How to take out an asteroid and save Earth
“Ground truth” information from NASA’s OSIRIS-REx rendezvous could save Earth from a killer asteroid.
Bringing rock samples back from asteroid Bennu on the OSIRIS-REx mission will help computer modelers refine plans for deflecting an asteroid or comet on target for Earth.
Even though asteroids don’t hit the Earth very often, they do hit at random, so there is a chance that an extinction-level event could happen to us. Planning for a way to protect ourselves is important.
How we are going to deflect an asteroid
Crashing a spacecraft into an asteroid could shift its orbital path. The spacecraft DART will be test-crashed on an asteroid, providing insight into future deflection.
When a team of LANL scientists modeled what would happen if an asteroid struck Earth, they discovered a Hollywood-worthy tsunami wouldn’t be the problem. Long-term effects on the climate might.
By Galen Gisler, Catherine Plesko, et al
Waves generated by impacts into oceans may represent the most significant danger from near-earth asteroids and comets. For impacts near populated shores, the crown splash and subsequent waves, accompanied by sediment lofting and high winds, are more damaging than storm surges from the strongest hurricanes. Asteroids less than 500 m in diameter, impacting deep water far from shores, produce waves that may be detectable over large distances, but are probably not significantly dangerous. We present new three-dimensional simulations of oblique impacts into deep water, with trajectory angles ranging from 27° to 60° (where 90° is vertical). These simulations are performed with the Los Alamos Rage hydrocode, and include atmospheric effects including ablation and airbursts. These oblique impact simulations are specifically performed in order to help determine whether there are additional dangers from the obliquity of impact not covered by previous two-dimensional studies. Water surface elevation profiles, surface pressures, and depth-averaged mass fluxes within the water are prepared for use in propagation studies.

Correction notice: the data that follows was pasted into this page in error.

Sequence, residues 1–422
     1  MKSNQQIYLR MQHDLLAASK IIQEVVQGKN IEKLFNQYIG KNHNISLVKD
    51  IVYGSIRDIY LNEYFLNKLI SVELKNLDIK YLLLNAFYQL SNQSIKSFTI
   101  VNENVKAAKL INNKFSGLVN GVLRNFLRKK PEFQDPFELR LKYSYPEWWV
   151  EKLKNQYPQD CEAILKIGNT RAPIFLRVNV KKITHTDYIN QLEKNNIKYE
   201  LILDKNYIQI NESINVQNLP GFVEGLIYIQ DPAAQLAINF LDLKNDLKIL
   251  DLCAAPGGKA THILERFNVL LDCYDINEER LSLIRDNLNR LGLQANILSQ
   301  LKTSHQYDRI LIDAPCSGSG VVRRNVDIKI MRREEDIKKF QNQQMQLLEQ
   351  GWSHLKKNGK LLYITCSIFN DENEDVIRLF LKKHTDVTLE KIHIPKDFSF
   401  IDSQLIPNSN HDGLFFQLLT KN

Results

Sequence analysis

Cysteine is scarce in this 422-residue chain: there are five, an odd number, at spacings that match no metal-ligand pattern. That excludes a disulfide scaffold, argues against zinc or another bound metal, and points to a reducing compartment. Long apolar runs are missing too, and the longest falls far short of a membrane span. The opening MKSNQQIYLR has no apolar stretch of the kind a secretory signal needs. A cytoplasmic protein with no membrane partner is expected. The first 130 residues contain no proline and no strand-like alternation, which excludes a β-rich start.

By Galen Gisler, Catherine Plesko, et al
This paper is part of an integrated study by NASA and the NNSA to quantitatively understand the response timeframe should a threatening Earth-impacting near-Earth object (NEO) be identified. The two realistic responses considered are the use of a spacecraft functioning as either a kinetic impactor or a nuclear explosive carrier to deflect the approaching NEO. The choice depends on the NEO size and mass, the available response time prior to Earth impact, and the various uncertainties. Whenever practical, the kinetic impactor is the preferred approach, but various factors, such as large uncertainties or short available response time, reduce the kinetic impactor’s suitability and, ultimately, eliminate its sufficiency.
Visualization of Threats from Asteroid Ocean Impacts
Here's what would it would look like if an asteroid struck the ocean—and what would happen to the planet as we know it.
OSIRIS-REx, bringing back a bit of an asteroid
The OSIRIS-REx mission will help determine the timeframe within which we must launch a kinetic impactor or a nuclear explosive carrier.
Los Alamos Asteroid Killer
LANL scientists use a supercomputer to model what would happen if we used nuclear energy to deflect an Earth-threatening asteroid.
Scientists from Los Alamos National Laboratory are using high performance computing to investigate how an asteroid’s kinetic energy is transferred to the atmosphere and ocean. (Download an animation by astrophysicist Galen Gisler.)
Cathy Plesko is a Research Scientist in Applied Physics at Los Alamos National Laboratory. She uses the hydrodynamic codes on supercomputers to study what happens when asteroids and comets hit a planet and how to prevent them from hitting Earth.
Mark Boslough is a research physicist at Los Alamos National Laboratory and an expert on planetary impacts and global catastrophes. His work on airbursts challenged the conventional view of asteroid collision risk and is now widely accepted by the scientific community.